DOM and H2S Robustness of spectrophotometric pH measurements
The impacts of H2S and organic substances on the spectrophotometric pH-determination were comprehensively studied. The overall concept to test for both potential perturbations was based on the assumption that potentiometric measurements are not affected by the presence of DOC and H2S. Therefore, comparison measurements of potentiometric and spectrophotometric measurements can be used to identify potential biases associated with the spectrophotometric method. We set up a so-called “mini-ocean” experiment, where both measurements can be performed from a well-controlled water sample. Further, the set-up allowed for manipulation of the investigated water sample, e.g. by spiking with DOC and H2S containing stock solutions. The results of the experiments formed the foundation for a manuscript entitled “Spectrophotometric pH measurements in the presence of dissolved organic matter (DOM) and hydrogen sulfide (H2S)”, which was submitted to the peer-reviewed journal “Limnology and Oceanography: Methods”.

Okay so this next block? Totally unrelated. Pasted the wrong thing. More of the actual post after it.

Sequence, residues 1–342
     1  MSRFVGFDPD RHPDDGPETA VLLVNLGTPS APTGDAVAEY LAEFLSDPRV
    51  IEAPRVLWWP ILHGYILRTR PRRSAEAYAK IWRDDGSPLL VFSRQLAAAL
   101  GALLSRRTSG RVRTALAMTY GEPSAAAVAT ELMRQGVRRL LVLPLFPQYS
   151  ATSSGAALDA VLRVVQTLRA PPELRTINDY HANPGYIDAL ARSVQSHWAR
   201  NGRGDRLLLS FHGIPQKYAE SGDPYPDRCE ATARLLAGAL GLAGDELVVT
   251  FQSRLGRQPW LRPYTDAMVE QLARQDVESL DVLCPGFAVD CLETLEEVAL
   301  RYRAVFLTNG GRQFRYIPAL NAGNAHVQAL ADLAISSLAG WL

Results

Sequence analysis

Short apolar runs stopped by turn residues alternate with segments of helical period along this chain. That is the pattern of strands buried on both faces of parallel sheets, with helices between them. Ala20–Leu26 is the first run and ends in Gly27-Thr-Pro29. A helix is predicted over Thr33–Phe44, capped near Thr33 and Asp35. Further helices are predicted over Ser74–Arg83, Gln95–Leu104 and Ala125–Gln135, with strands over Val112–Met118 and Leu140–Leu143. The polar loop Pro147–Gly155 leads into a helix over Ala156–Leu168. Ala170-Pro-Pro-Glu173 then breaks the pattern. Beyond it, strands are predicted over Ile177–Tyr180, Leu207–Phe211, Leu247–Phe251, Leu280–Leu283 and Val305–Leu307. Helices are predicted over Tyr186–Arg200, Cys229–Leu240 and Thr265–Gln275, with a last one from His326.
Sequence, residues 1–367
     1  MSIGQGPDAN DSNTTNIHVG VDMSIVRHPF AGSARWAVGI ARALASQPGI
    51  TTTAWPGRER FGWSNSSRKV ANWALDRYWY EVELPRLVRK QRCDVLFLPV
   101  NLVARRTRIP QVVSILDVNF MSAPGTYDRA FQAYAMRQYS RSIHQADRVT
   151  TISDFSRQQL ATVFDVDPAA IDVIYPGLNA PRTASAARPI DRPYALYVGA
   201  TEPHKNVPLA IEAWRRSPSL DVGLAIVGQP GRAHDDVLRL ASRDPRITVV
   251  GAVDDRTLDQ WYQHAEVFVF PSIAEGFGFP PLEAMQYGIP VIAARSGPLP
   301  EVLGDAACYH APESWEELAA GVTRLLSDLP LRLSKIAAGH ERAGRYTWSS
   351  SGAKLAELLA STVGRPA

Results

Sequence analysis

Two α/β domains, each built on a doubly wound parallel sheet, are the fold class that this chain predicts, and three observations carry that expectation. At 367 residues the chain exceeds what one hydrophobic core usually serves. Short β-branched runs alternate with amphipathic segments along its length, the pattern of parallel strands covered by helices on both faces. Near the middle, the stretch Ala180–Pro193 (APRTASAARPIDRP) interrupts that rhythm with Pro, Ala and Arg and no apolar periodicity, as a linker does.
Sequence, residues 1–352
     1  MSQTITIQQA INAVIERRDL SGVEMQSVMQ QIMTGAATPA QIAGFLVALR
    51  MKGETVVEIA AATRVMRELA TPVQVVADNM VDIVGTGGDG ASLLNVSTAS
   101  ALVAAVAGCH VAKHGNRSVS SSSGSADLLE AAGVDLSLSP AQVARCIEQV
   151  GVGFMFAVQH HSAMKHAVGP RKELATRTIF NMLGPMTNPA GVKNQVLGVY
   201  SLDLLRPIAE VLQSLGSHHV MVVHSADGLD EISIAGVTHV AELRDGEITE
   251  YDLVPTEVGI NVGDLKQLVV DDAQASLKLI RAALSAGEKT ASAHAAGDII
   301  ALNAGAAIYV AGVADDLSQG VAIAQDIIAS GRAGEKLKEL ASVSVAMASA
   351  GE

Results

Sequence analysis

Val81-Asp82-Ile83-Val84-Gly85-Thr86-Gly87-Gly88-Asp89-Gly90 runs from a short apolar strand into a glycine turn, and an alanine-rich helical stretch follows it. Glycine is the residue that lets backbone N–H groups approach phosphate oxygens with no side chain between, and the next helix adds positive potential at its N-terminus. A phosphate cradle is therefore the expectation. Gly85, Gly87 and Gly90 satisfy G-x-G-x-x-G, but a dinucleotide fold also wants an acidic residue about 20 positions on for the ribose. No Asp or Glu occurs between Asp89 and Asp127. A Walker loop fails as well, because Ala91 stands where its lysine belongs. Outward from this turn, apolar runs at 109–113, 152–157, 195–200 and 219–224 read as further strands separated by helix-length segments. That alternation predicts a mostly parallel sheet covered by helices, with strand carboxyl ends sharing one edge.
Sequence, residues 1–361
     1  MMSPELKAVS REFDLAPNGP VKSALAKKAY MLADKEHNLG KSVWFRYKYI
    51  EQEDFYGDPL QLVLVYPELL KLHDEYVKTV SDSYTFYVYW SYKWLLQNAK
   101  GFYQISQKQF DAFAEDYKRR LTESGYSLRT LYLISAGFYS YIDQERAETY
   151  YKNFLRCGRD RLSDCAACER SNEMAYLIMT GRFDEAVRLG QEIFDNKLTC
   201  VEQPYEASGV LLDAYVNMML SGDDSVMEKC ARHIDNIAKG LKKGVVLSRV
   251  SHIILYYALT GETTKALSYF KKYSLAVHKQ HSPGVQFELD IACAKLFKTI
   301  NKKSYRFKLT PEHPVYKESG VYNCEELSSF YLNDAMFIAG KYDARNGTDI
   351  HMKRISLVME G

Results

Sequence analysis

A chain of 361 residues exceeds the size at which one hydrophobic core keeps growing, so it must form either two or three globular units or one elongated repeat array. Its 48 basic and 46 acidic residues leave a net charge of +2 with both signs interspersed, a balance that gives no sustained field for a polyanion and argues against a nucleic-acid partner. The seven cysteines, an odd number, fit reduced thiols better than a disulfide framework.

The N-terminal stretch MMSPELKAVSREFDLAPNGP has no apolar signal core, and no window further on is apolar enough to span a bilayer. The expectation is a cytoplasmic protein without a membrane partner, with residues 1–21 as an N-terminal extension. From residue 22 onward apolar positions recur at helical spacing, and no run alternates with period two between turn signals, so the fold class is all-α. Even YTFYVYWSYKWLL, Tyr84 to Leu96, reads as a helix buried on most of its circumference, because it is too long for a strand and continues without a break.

The main outcome of the study is:
- No impact on spectrophotometric pH measurements by H2S up to concentrations of 400 μmol kg-1, which reflects high levels as reported from e.g. the Black Sea.
- Natural DOM did not interfere with the spectrophotometric measurements at concentrations typical for oceanic environments and large estuarine systems.
- Strongly coloured river waters can cause spectral disturbance resulting in calculated pH values that are up to tens of pH units too low (when using an Agilent 8453 with 10-cm cuvette). This result is most likely related to instrument-specific properties at high absorbances rather than to interaction between DOM and the dye solution.
- Perturbations in strongly coloured samples can be reduced by using intense light sources, a shorter cuvette length (as applied in the instrument under development) or spectrophotometrically calibrated glass electrodes